The Doctor’s Edge

A Poem for Thompson

The Doctor’s Edge

They'll ask some heavy questions, as they should, when I am dead; like:

"What sorta nonsense crept its way into that fellow's head?

Who did he read that might have made him act without a care?"

Or, "What gave him the jagged edge?" they'll wonder, if they dare.

They'll seek their answers in the items found within my room.

But first they'll have to hear the tunes that play inside these walls.

The record player will be spinning the Songs of the Doomed.

No rhyme or reason in the random way the needle falls.

Once inside, they won't see much; a manuscript, perhaps.

A cluttered mess of profound words with hallow, empty gaps.

A typewriter collecting dust- not touched for many years.

A stain of ash from cigarettes- the smell of sweat and fear.

They may give up and search my pockets, looking for a cause.

All they'll find in one: a pen- uncapped and nearly dry.

The other: a Bic lighter and an old pack of Pall Malls

that, somehow, didn't have a thing to do with how I died.

A doctor may begin to pry when they deliver me.

He'll ask about the evidence before the autopsy.

They'll shrug and then he'll start his work, beginning with my brain.

"It's clear- right here," the doc will say. "This fellow was insane."

"The cerebellum's clogged with crazy; this we know for sure...

I'll clear that out, no problem here, before we can proceed.

You know," he'll say, "for craziness, there really is no cure.

The sane won't know the truly horrible lives that they must lead."

The nurses, then, will blink and stare, not certain what they've heard.

They'll say, "If you feel faint, old doc, be sure to give us word."

"I'm fine, I'm fine," the doc will say, proceeding with the dead,

Not paying mind to all the sweat that's beading on his head.

"Here, within the amygdala, a sight we must behold-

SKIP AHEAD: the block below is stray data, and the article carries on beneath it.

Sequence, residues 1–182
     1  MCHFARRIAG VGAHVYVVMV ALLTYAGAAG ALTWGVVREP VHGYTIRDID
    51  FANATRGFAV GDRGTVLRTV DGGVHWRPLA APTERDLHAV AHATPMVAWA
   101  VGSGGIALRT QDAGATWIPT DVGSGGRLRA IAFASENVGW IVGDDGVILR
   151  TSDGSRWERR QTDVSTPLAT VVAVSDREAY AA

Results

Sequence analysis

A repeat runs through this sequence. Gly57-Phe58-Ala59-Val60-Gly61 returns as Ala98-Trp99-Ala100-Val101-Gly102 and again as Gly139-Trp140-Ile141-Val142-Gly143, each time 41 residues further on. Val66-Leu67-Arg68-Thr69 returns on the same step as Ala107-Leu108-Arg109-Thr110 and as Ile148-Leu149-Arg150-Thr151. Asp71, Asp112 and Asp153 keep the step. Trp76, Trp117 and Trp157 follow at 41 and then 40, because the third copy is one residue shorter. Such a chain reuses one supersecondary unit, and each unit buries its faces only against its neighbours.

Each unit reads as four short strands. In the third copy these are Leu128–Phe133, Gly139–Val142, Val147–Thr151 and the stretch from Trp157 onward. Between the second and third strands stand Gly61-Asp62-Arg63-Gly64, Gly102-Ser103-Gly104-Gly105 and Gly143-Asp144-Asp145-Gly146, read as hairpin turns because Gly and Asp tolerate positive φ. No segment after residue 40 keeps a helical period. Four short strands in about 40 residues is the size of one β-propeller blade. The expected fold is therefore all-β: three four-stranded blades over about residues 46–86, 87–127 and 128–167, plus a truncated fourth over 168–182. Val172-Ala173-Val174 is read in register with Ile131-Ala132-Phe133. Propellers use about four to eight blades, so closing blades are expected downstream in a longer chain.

It will say the man was rarely honest while alive.

He barely spoke a word of truth, but truth is never told-"

The doctor laughed, "between the daylight hours; 9 to 5."

A nurse will nudge him, "Doc, you worry me, please take a rest."

"But nurse," the doc will say, "I am just fine; I'm at my best.

Besides, it's at these moments I should work," his voice will fade.

"They'll lock me up for saying so unless I'm being paid."

Right here, inside the thalamus-" the doc will start to say,

But change his mind and ask the nurse, "Could you hand me that knife?"

She'll oblige and he will sing, "This man has passed away-

In doing so he just gave me the consciousness of life!"

He'll plunge the knife into his heart and give a final cry,

"My witness," he will laugh in glee, "will be the empty sky!"

He'll then collapse, the nurses shrieking; tearing from the room.

Then the music starts to play, the Songs of the Doomed.

The doc will lay there, smirking, and he'll say unto himself,

"The knife still cuts." He'll giggle over this for quite a time.

He'll understand his laughing heart and say this to health:

"If moderation is a fault- indifference is a crime."

He'll die and understand The Edge, the place where people go,

Not when they teeter there but only when they overflow.

And then he'll realize where I'd been when I had MY attack-

And if you live to tell the tale, you probably pulled it back.

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